General History & Paleogeography

fossil science

The Western Interior Seaway : An introduction to the general history, Paleogeography, and Ammonite record

Abstract: Throughout most of the Cretaceous, rapid sea floor spreading rates contributed to a rise in global sea levels culminating in a Phanerozoic all time high. Regionally this allowed flooding to occur in the lower lying regions of central North America in a predominately north/south axis forming the Western Interior Seaway.

Minor sea level fluctuations, tectonic events, and variations between deposition and subsidence rates formed complex cyclic deposits primarily composed of clastics (chiefly sandstone and shale) or carbonates (limestones). These fluctuations also acted as “gates” controlling entry into, or exit from the seaway of marine organisms by physical barriers or changes in ocean temperature and/or chemistry.

Ammonites left an impressive 50 million year record in the seaway and are the principal tools used in the regions biostratagraphic correlation. Additionally Ammonites are educational in evolutionary studies and are highly regarded by amateur & commercial fossil collectors alike.

Studies in progress are now unraveling their complex evolutionary history. Related websites are suggested as well as text. Selected specimens from the N.S. Brown collection are figured.Continue reading →

Is Free Will Real?

free will

Is free will real? This is one of the most fundamental questions in the history of philosophy. Recent work in philosophy, theology, and the natural sciences points in conflicting directions – both within and across fields. The Big Questions in Free Will (BQFW) project aims to promote a resolution of these conflicts by fostering collaborative research along three dimensions.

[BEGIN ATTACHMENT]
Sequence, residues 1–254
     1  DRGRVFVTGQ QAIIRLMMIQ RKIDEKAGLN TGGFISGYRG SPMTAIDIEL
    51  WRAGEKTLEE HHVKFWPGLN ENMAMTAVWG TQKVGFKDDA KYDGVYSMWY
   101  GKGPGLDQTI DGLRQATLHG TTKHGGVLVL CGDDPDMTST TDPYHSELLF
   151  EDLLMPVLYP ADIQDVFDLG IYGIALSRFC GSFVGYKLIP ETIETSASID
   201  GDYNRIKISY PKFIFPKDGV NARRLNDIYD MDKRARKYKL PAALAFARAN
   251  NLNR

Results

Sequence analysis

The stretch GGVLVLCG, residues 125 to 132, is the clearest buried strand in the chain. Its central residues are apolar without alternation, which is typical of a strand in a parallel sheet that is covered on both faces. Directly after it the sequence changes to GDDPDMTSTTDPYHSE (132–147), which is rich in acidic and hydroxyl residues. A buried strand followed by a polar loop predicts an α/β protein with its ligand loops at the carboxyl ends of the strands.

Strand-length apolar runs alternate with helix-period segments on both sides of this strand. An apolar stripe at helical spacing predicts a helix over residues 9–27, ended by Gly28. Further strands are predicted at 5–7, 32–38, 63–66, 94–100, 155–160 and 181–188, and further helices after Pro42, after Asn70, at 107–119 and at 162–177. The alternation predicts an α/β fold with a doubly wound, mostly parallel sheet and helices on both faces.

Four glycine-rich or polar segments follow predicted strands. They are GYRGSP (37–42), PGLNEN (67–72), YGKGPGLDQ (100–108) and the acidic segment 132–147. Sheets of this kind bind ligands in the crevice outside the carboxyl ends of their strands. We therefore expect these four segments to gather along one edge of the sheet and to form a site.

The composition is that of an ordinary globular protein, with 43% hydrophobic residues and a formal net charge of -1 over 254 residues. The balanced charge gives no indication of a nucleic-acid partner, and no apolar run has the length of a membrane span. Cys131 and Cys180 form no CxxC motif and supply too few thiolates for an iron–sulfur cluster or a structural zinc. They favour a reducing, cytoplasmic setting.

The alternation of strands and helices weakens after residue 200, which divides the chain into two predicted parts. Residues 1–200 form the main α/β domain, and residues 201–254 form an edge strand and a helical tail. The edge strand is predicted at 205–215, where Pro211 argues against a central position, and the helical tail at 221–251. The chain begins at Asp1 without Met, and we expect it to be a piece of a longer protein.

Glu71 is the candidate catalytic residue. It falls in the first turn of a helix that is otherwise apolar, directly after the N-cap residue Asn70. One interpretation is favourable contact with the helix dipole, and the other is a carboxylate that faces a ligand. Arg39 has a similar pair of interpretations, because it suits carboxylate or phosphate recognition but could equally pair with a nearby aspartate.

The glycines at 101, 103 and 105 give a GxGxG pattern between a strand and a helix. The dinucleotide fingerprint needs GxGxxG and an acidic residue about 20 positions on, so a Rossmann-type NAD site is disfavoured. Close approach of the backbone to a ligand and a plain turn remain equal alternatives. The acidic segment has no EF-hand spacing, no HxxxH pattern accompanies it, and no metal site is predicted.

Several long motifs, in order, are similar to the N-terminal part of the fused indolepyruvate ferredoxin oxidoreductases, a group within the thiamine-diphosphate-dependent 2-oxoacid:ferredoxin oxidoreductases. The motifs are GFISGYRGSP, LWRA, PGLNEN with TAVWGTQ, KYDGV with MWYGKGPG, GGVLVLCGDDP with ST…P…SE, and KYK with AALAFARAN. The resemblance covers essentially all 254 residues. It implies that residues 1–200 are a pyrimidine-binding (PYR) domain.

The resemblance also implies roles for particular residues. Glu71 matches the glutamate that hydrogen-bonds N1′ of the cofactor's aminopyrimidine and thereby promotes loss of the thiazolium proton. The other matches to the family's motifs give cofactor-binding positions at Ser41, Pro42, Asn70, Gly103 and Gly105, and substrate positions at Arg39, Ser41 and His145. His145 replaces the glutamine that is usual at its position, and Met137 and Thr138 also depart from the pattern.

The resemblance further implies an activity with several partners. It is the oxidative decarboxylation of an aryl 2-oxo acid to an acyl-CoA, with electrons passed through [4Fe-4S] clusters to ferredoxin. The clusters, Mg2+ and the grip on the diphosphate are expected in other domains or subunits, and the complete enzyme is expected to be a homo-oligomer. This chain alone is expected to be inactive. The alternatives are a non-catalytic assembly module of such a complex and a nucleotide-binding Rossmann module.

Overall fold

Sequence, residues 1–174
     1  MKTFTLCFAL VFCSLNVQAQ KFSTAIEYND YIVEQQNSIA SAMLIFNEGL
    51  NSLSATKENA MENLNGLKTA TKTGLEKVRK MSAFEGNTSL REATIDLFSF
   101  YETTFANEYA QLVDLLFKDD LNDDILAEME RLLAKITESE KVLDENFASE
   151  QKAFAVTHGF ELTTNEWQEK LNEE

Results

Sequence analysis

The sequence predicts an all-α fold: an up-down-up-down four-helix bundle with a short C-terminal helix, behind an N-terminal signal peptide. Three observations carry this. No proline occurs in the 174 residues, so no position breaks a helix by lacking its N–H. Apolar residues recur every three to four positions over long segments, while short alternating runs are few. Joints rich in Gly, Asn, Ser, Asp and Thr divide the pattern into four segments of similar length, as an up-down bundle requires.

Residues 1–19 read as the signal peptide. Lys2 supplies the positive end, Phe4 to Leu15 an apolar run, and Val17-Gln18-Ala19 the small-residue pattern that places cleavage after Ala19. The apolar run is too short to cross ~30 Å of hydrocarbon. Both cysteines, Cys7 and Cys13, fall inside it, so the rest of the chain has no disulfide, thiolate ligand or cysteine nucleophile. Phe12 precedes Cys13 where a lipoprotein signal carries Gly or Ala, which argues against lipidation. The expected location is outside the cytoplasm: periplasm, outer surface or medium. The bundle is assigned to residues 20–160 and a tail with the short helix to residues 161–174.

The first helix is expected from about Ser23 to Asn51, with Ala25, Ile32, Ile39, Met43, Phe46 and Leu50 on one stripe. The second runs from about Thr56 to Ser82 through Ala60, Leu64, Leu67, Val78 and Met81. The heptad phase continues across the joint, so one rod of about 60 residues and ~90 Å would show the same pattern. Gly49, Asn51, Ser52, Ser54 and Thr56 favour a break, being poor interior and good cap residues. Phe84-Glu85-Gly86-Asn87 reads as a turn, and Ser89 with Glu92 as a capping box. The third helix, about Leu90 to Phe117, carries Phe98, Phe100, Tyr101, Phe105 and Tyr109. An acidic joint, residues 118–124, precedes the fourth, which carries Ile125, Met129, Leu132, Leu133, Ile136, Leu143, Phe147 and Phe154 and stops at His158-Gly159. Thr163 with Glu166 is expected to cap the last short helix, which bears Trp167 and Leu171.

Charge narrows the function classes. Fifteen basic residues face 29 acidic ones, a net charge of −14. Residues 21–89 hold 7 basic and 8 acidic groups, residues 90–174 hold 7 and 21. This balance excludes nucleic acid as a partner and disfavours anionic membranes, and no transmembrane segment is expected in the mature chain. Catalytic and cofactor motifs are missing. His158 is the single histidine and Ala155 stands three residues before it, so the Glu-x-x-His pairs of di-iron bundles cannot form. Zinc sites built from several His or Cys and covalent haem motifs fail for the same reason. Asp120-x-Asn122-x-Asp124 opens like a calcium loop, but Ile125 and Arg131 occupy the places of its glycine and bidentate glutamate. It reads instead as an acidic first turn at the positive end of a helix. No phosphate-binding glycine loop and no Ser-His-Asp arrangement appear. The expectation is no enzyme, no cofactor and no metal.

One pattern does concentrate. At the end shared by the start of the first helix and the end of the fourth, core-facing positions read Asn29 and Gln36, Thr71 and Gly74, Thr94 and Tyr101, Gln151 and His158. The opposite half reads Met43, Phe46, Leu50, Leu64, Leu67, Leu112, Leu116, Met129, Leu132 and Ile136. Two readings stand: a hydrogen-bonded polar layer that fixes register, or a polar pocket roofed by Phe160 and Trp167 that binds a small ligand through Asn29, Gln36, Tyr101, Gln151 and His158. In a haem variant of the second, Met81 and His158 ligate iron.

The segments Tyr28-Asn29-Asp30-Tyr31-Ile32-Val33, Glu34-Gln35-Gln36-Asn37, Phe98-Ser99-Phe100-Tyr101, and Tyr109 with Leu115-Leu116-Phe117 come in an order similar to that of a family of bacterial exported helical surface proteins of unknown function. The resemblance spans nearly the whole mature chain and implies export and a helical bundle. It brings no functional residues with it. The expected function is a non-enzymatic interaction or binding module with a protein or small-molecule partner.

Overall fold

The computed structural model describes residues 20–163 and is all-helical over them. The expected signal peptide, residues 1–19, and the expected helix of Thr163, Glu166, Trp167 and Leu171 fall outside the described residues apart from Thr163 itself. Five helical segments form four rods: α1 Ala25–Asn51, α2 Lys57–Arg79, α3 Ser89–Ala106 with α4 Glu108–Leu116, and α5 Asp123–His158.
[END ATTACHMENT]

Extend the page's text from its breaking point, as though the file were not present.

Although the BQFW project offers funding under three different headings, the project intends to favor research that takes advantage of interdisciplinary approaches. Too often research on free will in the humanities goes on in ways that fail to engage the rapidly growing reservoir of relevant empirical data.

However, it is also true that scientific work on free will often fails to reflect on the various models of free will that have been articulated in the philosophical tradition and to utilize the important conceptual distinctions developed within these traditions.

The BQFW project aims to remedy these shortcomings in a few ways. The first way is intended to promote greater conceptual clarity and transparency. As in so many types of interdisciplinary research, conceptual and linguistic clarity is important (and rare). Discussions of free will often employ common terminology, albeit used in equivocal ways.Continue reading →